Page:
7 Reasons Why You Need a Clamshell Roof Top Tent
What’s the best roof top tent? It depends on your needs. But the clamshell design is a strong contender for the best type of tent.
What is a clamshell roof top tent? As the name suggests, these tents flip open. A hard shell example is the Eezi Awn Stealth. You might see terms like “wedge” and “eye” describing hard shell models – they mean the same. Soft shell tents also have clamshell designs, like the Yakima SkyRise.
Clamshells are the most convenient tents on the market. Let’s find out why, and what else they have to offer.
Clamshell Roof Top Tent Benefits
- Set Up in Seconds
Perhaps the best advantage of a clamshell vehicle roof tent is the quick and easy setup.
- Hard Shell Setup
Gas-assisted struts are the most common mechanism for opening these tents. You unlatch the lid and gently push upwards. The struts lift the roof until the tent reaches its fully-open position. Attach the ladder - and that’s it, your tent is ready. To close it, remove the ladder, push the lid down and fasten the latches.
Some hard shells have scissor arms instead. In this case, a hand crank mechanism opens the tent. It’s wise to keep spare cranks with you – lose them and you can’t open or close the tent.
- Soft Shell Setup
Soft shells like the Yakima SkyRise use the telescopic ladder to open the tent. The ladder is attached to the base - when the tent is closed, pull the ladder towards you and the tent unfolds. Next, adjust the ladder’s height until the tent is level. (It’s always a good idea to stake down the ladder in case of wind).
When you pack up, do the same in reverse – use the ladder to fold the tent and fully retract it when you’re finished.
The clamshell design is common with soft shells, compared to the pull-up style. With the pull-up style, you push the tent up from the back side until it’s in place. Then, you need to reach the tent’s roof to pull down the front side.
With any soft shell, you need to set up the rainfly. If speed is your priority, try a clamshell roof top tent with a hard shell (unless you want a rooftop tent with annex).
A quick setup lets you enjoy the wild - without stress. After an intense day of hiking, do you look forward to setting up camp? Or are you eager to relax by the fire? With a clamshell, it’s straight to the latter – no hassle. No need to get back before nightfall to avoid fumbling in the dark to pitch your tent.
Hard clamshells have a low profile when closed. They’re sleek and aerodynamic for better fuel efficiency and they won’t slow you down on the road. Their even weight distribution provides more stability on uneven, off-road routes.
Soft shells are less aerodynamic than hard shells. They create more drag because they don’t have the same sleek, streamlined profile as a hard shell case.
Many hard shells have room to store the ladder inside the tent - soft shells often have the ladder attached to the base, increasing their height.
If you go for a soft shell, you lose the aerodynamic qualities. With that said, they have their advantages:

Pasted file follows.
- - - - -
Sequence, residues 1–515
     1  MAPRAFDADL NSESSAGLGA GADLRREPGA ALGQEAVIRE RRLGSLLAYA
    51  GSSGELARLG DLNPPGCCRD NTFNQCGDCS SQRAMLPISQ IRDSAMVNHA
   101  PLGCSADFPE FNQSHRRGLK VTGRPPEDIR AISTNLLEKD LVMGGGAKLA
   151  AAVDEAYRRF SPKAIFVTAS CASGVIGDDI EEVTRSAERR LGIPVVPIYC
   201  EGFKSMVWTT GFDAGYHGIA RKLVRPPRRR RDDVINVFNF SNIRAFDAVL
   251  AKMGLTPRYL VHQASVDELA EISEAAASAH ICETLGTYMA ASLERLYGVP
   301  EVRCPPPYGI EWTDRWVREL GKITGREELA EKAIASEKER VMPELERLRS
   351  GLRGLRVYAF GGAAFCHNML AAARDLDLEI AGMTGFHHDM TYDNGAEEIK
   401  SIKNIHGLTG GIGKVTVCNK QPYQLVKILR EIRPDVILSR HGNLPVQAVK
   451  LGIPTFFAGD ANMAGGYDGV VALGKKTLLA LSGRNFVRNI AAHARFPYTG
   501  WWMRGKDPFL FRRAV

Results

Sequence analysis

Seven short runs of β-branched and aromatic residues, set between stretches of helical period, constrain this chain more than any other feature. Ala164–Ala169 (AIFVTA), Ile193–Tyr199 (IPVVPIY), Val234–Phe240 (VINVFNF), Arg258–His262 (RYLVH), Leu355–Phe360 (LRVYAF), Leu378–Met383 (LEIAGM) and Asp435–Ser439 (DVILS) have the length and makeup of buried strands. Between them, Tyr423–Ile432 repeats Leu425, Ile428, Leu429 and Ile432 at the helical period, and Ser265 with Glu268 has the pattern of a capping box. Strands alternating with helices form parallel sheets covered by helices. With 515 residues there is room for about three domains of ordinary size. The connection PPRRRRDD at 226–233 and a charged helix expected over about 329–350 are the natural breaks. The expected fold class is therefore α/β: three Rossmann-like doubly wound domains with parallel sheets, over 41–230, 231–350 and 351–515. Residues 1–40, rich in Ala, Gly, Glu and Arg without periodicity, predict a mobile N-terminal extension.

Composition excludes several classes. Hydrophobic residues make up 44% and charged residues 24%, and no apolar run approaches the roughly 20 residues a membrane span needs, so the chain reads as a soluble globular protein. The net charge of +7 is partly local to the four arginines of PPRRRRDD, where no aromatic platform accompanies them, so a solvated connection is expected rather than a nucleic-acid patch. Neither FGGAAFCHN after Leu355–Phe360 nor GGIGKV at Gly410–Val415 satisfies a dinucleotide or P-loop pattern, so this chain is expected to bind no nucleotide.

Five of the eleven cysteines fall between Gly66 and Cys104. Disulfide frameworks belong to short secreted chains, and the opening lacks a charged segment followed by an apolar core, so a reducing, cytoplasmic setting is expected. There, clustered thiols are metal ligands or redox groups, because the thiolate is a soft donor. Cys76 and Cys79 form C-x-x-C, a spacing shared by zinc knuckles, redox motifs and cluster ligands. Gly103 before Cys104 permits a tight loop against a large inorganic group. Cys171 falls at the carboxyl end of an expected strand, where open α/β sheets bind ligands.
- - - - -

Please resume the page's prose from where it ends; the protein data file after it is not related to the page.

- Weight is a factor in fuel-efficiency. If fuel-efficiency is high on your buying criteria, there are plenty of lightweight soft shells. Their weight may compensate for their less aerodynamic profile.
- They take up less space on the roof because of the folding mechanism, giving you more storage space – perfect as truck rooftop tents if mounted on the cab. (Otherwise, fit a larger hard shell over the truck bed).
Eezi Awn’s Stealth and Blade models are among the most aerodynamic hard shells. When closed, the Blade is 6.5 inches high at the front and 13 inches at the back. It’s lighter than the Stealth, making it the optimum choice of aerodynamic tent.
Like any hard shell vehicle roof tent, the clamshell design protects you against the elements. Waterproof shells keep out rain and snow, while their strong construction (often aluminum) is sturdy in high winds. Many of these tents have insulation in the roof and floor.
Their shape diverts wind – just park with the slope facing the wind. Like buildings with steep roofs in snowy regions, the slope allows snow to slide off so the structure doesn’t have to bear its weight.
- Structural Integrity
The clamshell design may be the best for structural integrity. Along with the triangular shape, taught struts (or scissor arms) on each side provide extra stability.
- More Vertical Space
Because of their structure, clamshells have more vertical space. Some models are 45 inches tall when fully open - ideal for tall campers who want to sit up comfortably.
Some clamshells are lighter than other roof top tents. This is not always the case but some hard clamshells weigh as little as 110 pounds. Lightweight tents not only save gas - they’re compatible with a wider range of vehicles.
There’s a limit to the weight each vehicle can support when static and in-motion. Some cars that can’t support heavier tents may support some clamshell models. And, there’s less chance of needing to upgrade your roof rack to support something heavier.
- Eye-Catching Design
Sleek and stealthy, futuristic yet rugged - the clamshell rooftop camper tent is the most eye-catching style on the market. Maybe you don’t care how your tent looks. If you do, hard clamshells are the most Instagram-worthy designs.
Convenient, aerodynamic, weatherproof. A clamshell roof top tent is the best option for many camping scenarios. The advantages of hard shells outweigh those of soft shells - but whichever style you prefer, a clamshell is the way to go.
Check out Eezi Awn’s Blade for a low-profile, lightweight, aerodynamic model, equipped with an 8 cm thick mattress and insulated roof and floor. Comfort, warmth, quick deployment - Blade has it all.